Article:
Spartacus was getting a little choked up. For 30 years he had battled the profligate spending of the military colossus across the river. He had tried with limited success to shame legislators over their pork-barrel ways. He had taken on the F-35 fighter, the Pentagon’s costliest weapons program, and fought to save the A-10 Warthog attack jet, which was relatively cheap but Air Force brass wanted to retire.
When he couldn’t put his own name on his blistering reports, he wrote under the pen name of the famed leader of the Roman slave rebellion. Everyone knew it was him anyway.
Winslow Wheeler, 68, was a legend and now he was retiring. One evening recently he stood in a small conference room in downtown Washington, surrounded by gray-haired comrades from long-ago campaigns. It was a party fit for the frugal registered Republican, nothing ostentatious, just a few six packs of Fat Tire and Miller Lite.
There was Chuck Spinney, who graced the cover of TIME magazine in 1983 sitting at a congressional witness table under the headline, “Are billions being wasted?” Spinney, now 69 and slightly hunched, sipped a Diet Coke as he chatted with 30 other defense budget mavericks. There was Pierre Sprey, 76, a member of the 1970s “Fighter Mafia” inside the Air Force that eschewed whiz-bang technology in favor of lightweight and highly maneuverable jets.
And in the middle of it all was a man whose last day at work at the Project on Government Oversight, a non-profit determined to root out government waste, coincided with news that the Pentagon would ask for an increase of 19 F-35s in next year’s budget at $100 million or more apiece.
But Winslow Wheeler was not in a despairing mood. Emotional, yes, but still feisty.
Spinney and Sprey, he said, “have gotten me into lots of trouble — but no trouble I didn’t enjoy.” And he took several parting shots at the F-35 program.
“It keeps embarrassing itself,” he said. “At some point, the weight and momentum of all those problems and all those costs are going to pass a threshold in our political system.”
His longtime patron addressed the crowd. Philanthropist Phil Straus is the primary backer of POGO’s Straus Military Reform Project, the mission of which is to “keep the Pentagon from spending all of the country’s money,” as he put it.
Straus presented Winslow a parting gift: a clear plaque that he joked was a “naked, see-through thing.”
“It’s like one of those weapons systems,” shouted Lawrence Korb, the former assistant secretary of defense who co-wrote a book with Wheeler when they were both at the think tank Center for Defense Information.
“This is more transparent,” Straus shot back to laughter. On the plaque was a quote from the late military strategist John Boyd, who was a mentor to many of the men in the room:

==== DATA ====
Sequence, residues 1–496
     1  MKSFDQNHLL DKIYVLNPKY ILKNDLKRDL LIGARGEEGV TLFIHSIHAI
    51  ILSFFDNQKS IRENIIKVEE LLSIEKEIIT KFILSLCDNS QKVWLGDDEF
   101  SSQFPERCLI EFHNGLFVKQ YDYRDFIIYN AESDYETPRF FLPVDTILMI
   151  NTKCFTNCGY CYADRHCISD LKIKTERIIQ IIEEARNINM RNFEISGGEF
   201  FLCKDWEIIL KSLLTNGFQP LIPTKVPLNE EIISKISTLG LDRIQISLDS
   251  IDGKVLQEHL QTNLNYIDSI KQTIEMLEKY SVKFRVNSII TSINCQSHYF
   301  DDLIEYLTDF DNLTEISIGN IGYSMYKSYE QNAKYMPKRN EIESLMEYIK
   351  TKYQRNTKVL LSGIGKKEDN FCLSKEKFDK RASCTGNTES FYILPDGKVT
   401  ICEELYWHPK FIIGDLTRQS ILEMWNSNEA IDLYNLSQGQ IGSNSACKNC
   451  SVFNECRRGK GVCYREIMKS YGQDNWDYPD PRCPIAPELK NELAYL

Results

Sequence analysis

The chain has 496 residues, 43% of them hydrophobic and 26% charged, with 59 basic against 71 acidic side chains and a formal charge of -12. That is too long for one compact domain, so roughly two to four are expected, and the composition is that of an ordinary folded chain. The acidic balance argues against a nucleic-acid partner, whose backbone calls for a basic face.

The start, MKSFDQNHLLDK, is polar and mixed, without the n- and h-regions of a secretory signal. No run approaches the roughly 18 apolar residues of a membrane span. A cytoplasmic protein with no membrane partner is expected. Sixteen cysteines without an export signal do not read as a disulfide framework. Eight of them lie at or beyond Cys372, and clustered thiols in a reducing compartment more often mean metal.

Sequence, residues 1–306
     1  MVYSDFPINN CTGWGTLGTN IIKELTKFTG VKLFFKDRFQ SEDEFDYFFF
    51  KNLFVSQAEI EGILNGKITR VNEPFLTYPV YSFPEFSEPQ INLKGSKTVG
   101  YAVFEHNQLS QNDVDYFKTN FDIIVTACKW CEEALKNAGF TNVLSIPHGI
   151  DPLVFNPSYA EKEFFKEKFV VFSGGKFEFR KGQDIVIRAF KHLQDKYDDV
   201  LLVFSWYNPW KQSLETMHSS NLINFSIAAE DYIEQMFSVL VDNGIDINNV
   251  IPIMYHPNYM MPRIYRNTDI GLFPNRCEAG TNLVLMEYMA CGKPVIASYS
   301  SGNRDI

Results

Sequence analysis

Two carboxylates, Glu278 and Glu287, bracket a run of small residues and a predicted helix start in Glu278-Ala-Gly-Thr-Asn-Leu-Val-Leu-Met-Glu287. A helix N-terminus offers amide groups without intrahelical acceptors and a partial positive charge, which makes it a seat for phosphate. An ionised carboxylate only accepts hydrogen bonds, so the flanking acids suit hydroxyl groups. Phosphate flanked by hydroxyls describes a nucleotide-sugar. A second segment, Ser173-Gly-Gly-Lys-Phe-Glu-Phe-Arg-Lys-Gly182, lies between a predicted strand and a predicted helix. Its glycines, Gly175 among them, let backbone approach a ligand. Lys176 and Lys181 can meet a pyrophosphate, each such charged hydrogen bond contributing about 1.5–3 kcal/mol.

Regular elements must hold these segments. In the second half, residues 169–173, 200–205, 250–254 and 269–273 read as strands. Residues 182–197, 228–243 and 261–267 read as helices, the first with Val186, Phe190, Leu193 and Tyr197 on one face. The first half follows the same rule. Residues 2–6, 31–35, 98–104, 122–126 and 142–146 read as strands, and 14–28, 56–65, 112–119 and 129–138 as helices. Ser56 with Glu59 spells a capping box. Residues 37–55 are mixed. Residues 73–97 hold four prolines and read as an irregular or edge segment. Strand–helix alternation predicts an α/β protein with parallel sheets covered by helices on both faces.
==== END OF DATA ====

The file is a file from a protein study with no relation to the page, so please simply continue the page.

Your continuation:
Wheeler came to Capitol Hill in 1971 as a young Senate aide to New York Republican Jacob Javits and immediately started working on the War Powers Act to rein in the president’s authority to send U.S. forces into combat.
At that time, the Defense Department’s budget was $419 billion (in 2009 dollars), according to the White House Office of Management and Budget. It would grow for most of Wheeler’s career, reaching $577 billion in 2013.
He worked on defense issues for several senators, including Republican Nancy Kassebaum of Kansas and Democrat David Pryor of Arkansas and investigated military weapons at the Government Accountability Office.
In 2002, when he was working on the Senate Budget Committee under New Mexico Republican Pete Domenici, he got more notoriety than he was expecting.
Wheeler had written a series of essays under the pseudonym “Spartacus,” culminating in an insider’s account of Sen. John McCain (R-Ariz.) doing little behind the scenes to stop spending projects despite being a self-proclaimed opponent of pork.
The pseudonym “simply seemed to fit — a slave revolt against his masters,” Wheeler said. “And I was always a fan of the movie.”
His real name soon surfaced in the news media, leading to a meeting with Domenici in which he offered to resign rather than be fired. “I thought it was something that needed to be said, and I was willing to face the consequences,” Wheeler explained.
He quickly landed a job at the Center for Defense Information, where he was paid to speak his mind. He became a well-known figure in defense circles for his emails blasting Pentagon officials and lawmakers alike, pointing out flaws in the military’s flagship weapons programs and analyzing the defense budget in excruciating detail.
He was a master at influencing the debate in Washington from the outside.
“My whole philosophy is it’s useless to appeal to the intellect or reason of Congress,” he said. “They’ll thank you politely and go do whatever they f—-ing please.”
(EDITOR’S NOTE: Winslow Wheeler is one of the more determined opponents of the F-35 program, not per se but because it is an underperforming waste of taxpayer dollars which routinely fails to meet its technical goals while constantly exceeding its budget and schedules.
Defense-Aerospace.com has been happy to support some of Winslow Wheeler’s dogfights against waste and profligacy, and to publish several of his essays attacking waste and incompetence in the Pentagon.
His latest essay, “The Triumph of the Military-Industrial-Congressional Complex: To understand perverse military decision-making, follow the money,” was published on January 27.
While wishing him a long and happy retirement, we do not doubt that he will continue to fight abuses of the system even after hanging up his boxing gloves, and look forward to continuing to support him as he does so.)